The Exchange

The Minimum Wage Quandary

The Exchange

By Robert Hahn and Peter Passell

The minimum wage issue – a hardy perennial one dividing liberals and conservatives – is once again bubbling. In his State of the Union speech, President Obama called for a hike from $7.25 to $9.00 an hour, arguing that “in the wealthiest nation on Earth, no one who works full-time should have to live in poverty.” And this week Costco’s CEO Craig Jelinek upped the ante, calling for a $10 minimum – a bold move made only slightly less bold by the fact that Costco’s starting wage is $11.50.

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The argument between those who say a higher minimum is only a matter of justice and those who counter that it would destroy jobs seems to have been caught in an endless loop ever since 1938, when New Dealers rammed through a minimum wage (25 cents an hour, or roughly $4 in today’s money). Indeed, the only folks who have apparently wavered in their opinion are the alleged experts (us economists). And that’s only because Washington’s rhetoric about raising the living standards of the working poor by other means has never rung more hollow.

Pros vs. Cons

Back up a moment: The case against minimum wages is pretty obvious, even to those who slept through Econ 101. If the legal minimum wage exceeds the wage determined by the supply and demand in a competitive market for labor, somebody who is willing to work won’t be able to find it.

But it isn’t quite that simple: If the labor market isn’t competitive, a hike in the minimum wage may actually increase hires. In fact, there’s real-world evidence that, in some instances, a raise in the minimum wage has created jobs. In a now-classic study, David Card and Alan Krueger (then, at Princeton) compared employment in the fast-food industry after New Jersey upped its minimum wage in 1992 and Pennsylvania, across the river, didn’t. Contrary to expectations, employment rose in New Jersey relative to Pennsylvania. Since then, a host of other studies comparing states have also found that higher minimums led to more employment – or not less, anyway.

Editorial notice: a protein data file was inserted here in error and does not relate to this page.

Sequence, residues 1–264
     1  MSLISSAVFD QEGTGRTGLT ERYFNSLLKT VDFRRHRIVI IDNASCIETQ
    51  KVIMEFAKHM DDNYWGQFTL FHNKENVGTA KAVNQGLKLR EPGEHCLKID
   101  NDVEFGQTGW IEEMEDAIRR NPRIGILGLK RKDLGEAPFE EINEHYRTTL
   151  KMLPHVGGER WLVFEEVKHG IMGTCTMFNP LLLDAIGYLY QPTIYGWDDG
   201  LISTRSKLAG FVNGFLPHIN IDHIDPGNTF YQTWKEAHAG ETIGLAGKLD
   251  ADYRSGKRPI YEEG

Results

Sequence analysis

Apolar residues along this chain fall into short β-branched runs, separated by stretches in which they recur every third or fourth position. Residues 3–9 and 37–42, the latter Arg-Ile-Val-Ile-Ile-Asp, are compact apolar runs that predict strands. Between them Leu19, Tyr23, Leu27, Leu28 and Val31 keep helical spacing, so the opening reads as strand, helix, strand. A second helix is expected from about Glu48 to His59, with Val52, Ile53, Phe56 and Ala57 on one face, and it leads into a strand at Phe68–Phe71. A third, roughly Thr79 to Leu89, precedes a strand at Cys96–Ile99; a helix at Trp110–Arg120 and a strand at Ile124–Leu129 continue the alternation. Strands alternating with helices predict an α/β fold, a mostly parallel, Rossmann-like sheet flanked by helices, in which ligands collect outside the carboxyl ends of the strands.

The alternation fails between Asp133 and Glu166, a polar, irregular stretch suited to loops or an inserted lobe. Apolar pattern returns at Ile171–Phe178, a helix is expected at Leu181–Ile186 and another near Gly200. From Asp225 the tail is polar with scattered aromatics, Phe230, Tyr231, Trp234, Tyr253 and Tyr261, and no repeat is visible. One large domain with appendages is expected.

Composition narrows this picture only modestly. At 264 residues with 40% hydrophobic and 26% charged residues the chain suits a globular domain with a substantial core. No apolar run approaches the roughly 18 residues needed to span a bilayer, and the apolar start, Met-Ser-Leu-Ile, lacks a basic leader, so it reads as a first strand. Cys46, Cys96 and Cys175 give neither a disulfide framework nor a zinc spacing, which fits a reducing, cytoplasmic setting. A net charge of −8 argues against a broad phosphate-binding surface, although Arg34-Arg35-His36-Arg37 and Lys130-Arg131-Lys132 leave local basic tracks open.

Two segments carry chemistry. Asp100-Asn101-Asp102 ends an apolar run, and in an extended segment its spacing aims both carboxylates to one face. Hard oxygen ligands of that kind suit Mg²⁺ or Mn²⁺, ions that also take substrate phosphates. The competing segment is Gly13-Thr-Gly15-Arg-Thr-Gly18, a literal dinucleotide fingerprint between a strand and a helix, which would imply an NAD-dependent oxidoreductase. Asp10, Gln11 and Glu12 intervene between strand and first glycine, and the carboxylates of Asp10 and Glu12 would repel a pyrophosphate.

The last word on the subject? No way. Indeed, the Card-Krueger result triggered a flood of rebuttals, some of which were based on respectable research. One distinguished economist, David Neumark (University of California, Irvine), has spent much of his career retracing Card-Krueger’s footsteps and coming to the opposite conclusion.

This Isn't About Poverty

So who’s right? Darned if we know. The answer probably varies with place and time since it depends on the competitiveness of the labor market. But it’s striking how far the conventional wisdom has drifted to the left on this issue. The Economist, which often defines the establishment view on economic policy, recently concluded that a “carefully imposed minimum wage ... can raise incomes at the bottom of the wage spectrum without much reducing employment.”

What we do know, though, is that an increase in the minimum wage is a poor excuse for an anti-poverty program.

For one thing, increases surely do affect productivity, in some cases reducing job opportunities, in others reducing employers’ incentives to take chances on iffy applicants or to offer on-the-job training. For another, the hike in the minimum that would push most working households above the poverty threshold – we’re talking $10-12/hour – would likely accelerate structural changes in the economy we’re ill-prepared for. Robots are fast becoming practical substitutes for unskilled labor in a wide variety of tasks. And a higher minimum would certainly perk up business interest in, say, automating simple tasks like bussing restaurant tables and packing mail order parcels.

An Impossible Dream?

All that said, it really would be possible to have it both ways. In fact, we already have the scaffolding of a reasonably efficient policy in place to make low-wage work pay better without reducing employment: the Earned Income Tax Credit, which morphed from Milton Friedman’s path-breaking, analytically purer negative income tax. The EITC sends checks to low-income tax filers according to a complex formula based on earnings, deductions and numbers of children. Thus in 2012, a family of four with two kids and an adjusted gross income of $15,000 got back $5,230.

That’s nothing to sneeze at. But a total income of $20,230 for a working family of four seems mighty ungenerous in a country where the median personal income per capita was twice that figure in 2011. Of course, an increase in the EITC would cost money. Bear in mind, though, that the minimum wage is no freebee, either: The cost of raising it would almost certainly be passed on to consumers in the form of higher prices for everything from burritos to nursing homes. Moreover, unlike the minimum wage, the EITC can be fine-tuned to reflect the earnings of a second worker and the number of kids in each household.

An impossible dream, you say, in the era of trillion-dollar deficits? Maybe – but that’s another story.

Robert Hahn is director of economics and professor at Oxford's Smith School and a senior fellow at the Georgetown Center for Business and Public Policy. Peter Passell is a senior fellow at the Milken Institute and the editor of its quarterly economic policy journal, The Milken Institute Review. They co-founded Regulation2point0.org, a web portal on economic regulation.

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